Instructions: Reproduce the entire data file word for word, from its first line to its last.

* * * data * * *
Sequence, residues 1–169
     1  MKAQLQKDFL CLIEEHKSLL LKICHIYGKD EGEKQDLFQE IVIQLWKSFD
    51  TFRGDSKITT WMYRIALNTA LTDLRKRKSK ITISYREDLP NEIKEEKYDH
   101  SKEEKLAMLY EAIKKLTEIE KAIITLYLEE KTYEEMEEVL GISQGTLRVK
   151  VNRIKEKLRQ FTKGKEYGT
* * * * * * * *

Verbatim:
Sequence, residues 1–169
     1  MKAQLQKDFL CLIEEHKSLL LKICHIYGKD EGEKQDLFQE IVIQLWKSFD
    51  TFRGDSKITT WMYRIALNTA LTDLRKRKSK ITISYREDLP NEIKEEKYDH
   101  SKEEKLAMLY EAIKKLTEIE KAIITLYLEE KTYEEMEEVL GISQGTLRVK
   151  VNRIKEKLRQ FTKGKEYGT